Thanks to the vision of Roberta Cutolo and Elita’s Dino Lupelli - both former collaborators of Bari’s based Nu-Jazz guru, Nicola Conte - Mark ‘Snowboy’ Cotgrove and his publisher, Paul Bradshaw of Straight No Chaser, touched down in Milan to do the first official launch event for From Jazz Funk & Fusion to Acid Jazz: The History Of The UK Jazz Dance Scene.
Elita is the Design Week’s music festival and its invited guests included DJ appearances from Hot Chip, Shinichi Osawa, Alex from Tokyo, J Majik and Dubfire alongside live sets from Imelda May, Trio Valore and Rosalia De Souza. Guest speakers at various events and forums included ’s Brian Fichtner and Chicago based deep house producer/dj Tim Baker. Snowboy was in good company.
The Elita HQ on viale Montenero was buzzing when we arrived and there was an air of anticipation around the showing of Berlin Calling, a turbulent tale that focussed on the drug fuelled demise of one DJ Ikarus - geddit? After being immersed in that dark little episode, Snowboy, was happy to illuminate an altogether more positive twist on the evolution of contemporary club culture.
The combination of deep knowledge and enthusiasm he projects is a result of ten years research plus his own experiences as a DJ, conguero, band leader, recording artist, record collector and journalist but on this day it was his collection of short films that fired up the imagination of his audience. Footage of the Electric Ballroom’s IDJ dancers in Julian Temple’s Venceremos video gave us a glimpse into what was truly unique about this scene. The Brothers In Jazz’s more baletic and acrobatic mambo style was nicely portrayed in an arty Mura Dehn inspired film for Parco in Tokyo. A film of Snowboy’s own Jazzateria sessions highlighted the talents of Rocky Bryan, who to the delight of all present took the floor at the Elita HQ… live and direct… and showed us all how it could be done.
The Straight No Chaser DJ set that followed wound on into the evening and allowed the Italian soul and funk fraternity, some of had travelled to Milan for the session, to grab a few words with Mark about the book, the music and dance styles that he is so passionate about.
Following the Elita HQ forum we headed off to do what we thought was to be a small sedate, cool DJ set at a museum opening. However, on the way there, Dino explained this was a SERIOUS session. The expression on his face said it all. This opening for Fabio Novembre installation ' Fiore di Novembre ' at La Triennale ( www.triennale.it ) was to be one of the highlights of the Milan Design Week and was guaranteed to attract over a thousand guests including a host of major league iconic artists and designers.
The DJ set was to be short… one hour… and provide a warm up for a modest live set. Notions of a quiet gradual build up to the set vanished as a horde of guests swarmed through nave of the huge gallery. A pumping Joaquin Claussell / Spiritual Life ‘Live Field Recording’ of Salif Keita provided more than adequate accompaniment to this spectacle. Snowboy followed the Chaser selekshaan with a marvellous Inner Sense batucada which bounced of the walls of this cavernous space beautifully. Tribute was paid to Tokyo’s UFO and in typically reckless Chaser fashion Milan’s cultural cognescnti were confronted with the powerfully charged, rebellious sounds of Fela Anikulapo Kuti. As we know Fela doesn’t do short tunes… and this cut of JDD, recorded Live at The Shrine in Lagos, was LONG! However, the Milanese and their international guests didn’t seem to mind. It simply paved the way for more of the unexpected.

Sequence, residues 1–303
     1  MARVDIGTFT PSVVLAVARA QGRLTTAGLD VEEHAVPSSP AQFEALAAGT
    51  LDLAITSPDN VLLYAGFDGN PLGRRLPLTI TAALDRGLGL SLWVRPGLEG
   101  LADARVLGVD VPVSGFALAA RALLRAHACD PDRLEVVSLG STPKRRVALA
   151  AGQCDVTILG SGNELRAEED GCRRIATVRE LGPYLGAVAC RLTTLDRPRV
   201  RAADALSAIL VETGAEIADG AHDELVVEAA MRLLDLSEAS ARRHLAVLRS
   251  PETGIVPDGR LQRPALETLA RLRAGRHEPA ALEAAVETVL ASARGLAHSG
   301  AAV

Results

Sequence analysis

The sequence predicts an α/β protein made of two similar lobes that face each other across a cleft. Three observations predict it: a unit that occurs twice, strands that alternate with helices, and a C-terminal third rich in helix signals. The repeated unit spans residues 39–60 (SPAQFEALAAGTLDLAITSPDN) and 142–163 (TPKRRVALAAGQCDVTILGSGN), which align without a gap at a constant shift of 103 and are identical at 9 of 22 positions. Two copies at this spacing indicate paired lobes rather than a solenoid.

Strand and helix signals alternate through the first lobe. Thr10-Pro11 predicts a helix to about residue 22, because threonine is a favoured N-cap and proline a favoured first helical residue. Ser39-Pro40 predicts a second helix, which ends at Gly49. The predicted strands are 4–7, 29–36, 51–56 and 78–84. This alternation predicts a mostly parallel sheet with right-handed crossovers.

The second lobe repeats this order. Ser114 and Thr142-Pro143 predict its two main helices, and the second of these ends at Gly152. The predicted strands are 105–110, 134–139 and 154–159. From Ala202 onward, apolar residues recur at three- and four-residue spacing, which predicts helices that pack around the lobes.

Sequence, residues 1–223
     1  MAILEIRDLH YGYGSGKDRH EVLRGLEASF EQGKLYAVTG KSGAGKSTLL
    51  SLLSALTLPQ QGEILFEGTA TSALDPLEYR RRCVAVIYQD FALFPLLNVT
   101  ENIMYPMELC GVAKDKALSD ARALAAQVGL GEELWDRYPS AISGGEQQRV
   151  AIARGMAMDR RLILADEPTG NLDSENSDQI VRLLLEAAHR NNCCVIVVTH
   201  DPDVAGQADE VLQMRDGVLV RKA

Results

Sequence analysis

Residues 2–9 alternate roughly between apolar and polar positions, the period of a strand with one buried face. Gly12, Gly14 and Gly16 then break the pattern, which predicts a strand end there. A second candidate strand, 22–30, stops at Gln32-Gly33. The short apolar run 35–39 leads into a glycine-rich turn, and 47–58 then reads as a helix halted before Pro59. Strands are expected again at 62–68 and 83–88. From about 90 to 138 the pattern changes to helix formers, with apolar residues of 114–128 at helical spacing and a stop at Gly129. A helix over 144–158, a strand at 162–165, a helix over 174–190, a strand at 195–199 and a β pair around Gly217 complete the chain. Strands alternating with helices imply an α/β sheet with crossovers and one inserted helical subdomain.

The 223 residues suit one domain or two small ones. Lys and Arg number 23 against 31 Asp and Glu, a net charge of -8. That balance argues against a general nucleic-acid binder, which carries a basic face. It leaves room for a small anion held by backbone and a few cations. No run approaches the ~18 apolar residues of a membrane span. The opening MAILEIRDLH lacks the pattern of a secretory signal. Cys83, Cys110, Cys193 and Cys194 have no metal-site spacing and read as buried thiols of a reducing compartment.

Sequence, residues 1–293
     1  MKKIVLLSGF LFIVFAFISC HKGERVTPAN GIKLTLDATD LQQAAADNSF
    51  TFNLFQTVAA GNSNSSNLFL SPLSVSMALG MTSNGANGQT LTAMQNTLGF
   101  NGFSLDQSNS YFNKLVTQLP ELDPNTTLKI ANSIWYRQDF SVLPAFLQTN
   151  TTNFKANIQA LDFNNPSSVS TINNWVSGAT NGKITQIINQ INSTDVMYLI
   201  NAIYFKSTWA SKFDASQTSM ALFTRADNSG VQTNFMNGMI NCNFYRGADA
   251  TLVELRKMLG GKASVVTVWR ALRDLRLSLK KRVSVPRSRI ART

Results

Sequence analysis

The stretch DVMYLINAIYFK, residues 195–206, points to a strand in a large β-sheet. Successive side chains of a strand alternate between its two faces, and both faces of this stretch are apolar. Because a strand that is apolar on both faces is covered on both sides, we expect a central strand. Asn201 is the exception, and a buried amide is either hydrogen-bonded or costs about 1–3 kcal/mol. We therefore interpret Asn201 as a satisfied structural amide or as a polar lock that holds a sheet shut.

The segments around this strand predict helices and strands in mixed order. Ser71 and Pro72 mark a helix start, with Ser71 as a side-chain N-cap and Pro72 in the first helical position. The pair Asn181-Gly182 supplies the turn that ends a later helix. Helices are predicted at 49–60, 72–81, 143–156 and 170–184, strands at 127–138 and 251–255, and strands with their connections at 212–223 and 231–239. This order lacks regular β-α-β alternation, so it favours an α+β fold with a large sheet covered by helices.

Fabio Novembre, is a celebrated designer, a young dude from Salento, in the South of Italy . His artworks are spiritually charged, witty and ambitious. Without formality he stepped up onstage, and smiling, requested a mic from Snowboy. When he spoke, a sense of anticipation rippled through the building. He enthusiastically introduced his musician friends onto the stage. The electric piano kicked in along with rolling bass lines and he welcomed onstage Jovanotti. Sporting a straw fedora and a goatee, this man was instrumental introducing hip hop into the Italian mainstream, and as he vocalised one his big hits the museum was buzzing.
Pure Italian raggamuffin bizniz arrived with the Sud Sound System crew. While they got busy on the mic, Jovanotti, stepped over to Snowboy and asked him if he could use the tune he’d line up on the technics. Unaware of what was to happen next, Snowboy had to look an in horror as, the man commenced cutting out beats for the MCs from his rare, £300.00, Willis Jackson LP. It was definitely a crazy moment. Once Snowboy snapped out his initial shock he quietly informed the turntablist of it’s value and without even interrupting the flow, replaced it with a less precious 12”. Within seconds Jovanotti was back on it, cutting and scratching out a ridim that allowed the MCs to wax lyrical about the pleasures of the good Herb! The tiny stage was packed with bodies arms in the air, jumping up (gwaan Rocky!) and as it drew to a close we were treated to a stage invasion of supa stylish women on stilettos who simply swept the security aside. Totally wild.
The night wound down to a four to the floor house set and we managed to spend a little time taking in the man’s excellent exhibition, before heading off into the night amid the clamour hundreds of people still hanging and chatting in the shadow of a Milanese institution that was akin to the V&A in London. That was it, a very entertaining and eventful addition to Snowboy’s very first European book launch. Nice.